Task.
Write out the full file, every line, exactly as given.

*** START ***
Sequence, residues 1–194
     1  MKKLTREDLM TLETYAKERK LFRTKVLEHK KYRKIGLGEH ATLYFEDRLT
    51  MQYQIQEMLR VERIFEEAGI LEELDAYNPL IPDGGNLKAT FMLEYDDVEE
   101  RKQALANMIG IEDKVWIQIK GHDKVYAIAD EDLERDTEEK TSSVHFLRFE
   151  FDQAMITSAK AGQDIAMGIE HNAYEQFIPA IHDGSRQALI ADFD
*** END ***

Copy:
Sequence, residues 1–194
     1  MKKLTREDLM TLETYAKERK LFRTKVLEHK KYRKIGLGEH ATLYFEDRLT
    51  MQYQIQEMLR VERIFEEAGI LEELDAYNPL IPDGGNLKAT FMLEYDDVEE
   101  RKQALANMIG IEDKVWIQIK GHDKVYAIAD EDLERDTEEK TSSVHFLRFE
   151  FDQAMITSAK AGQDIAMGIE HNAYEQFIPA IHDGSRQALI ADFD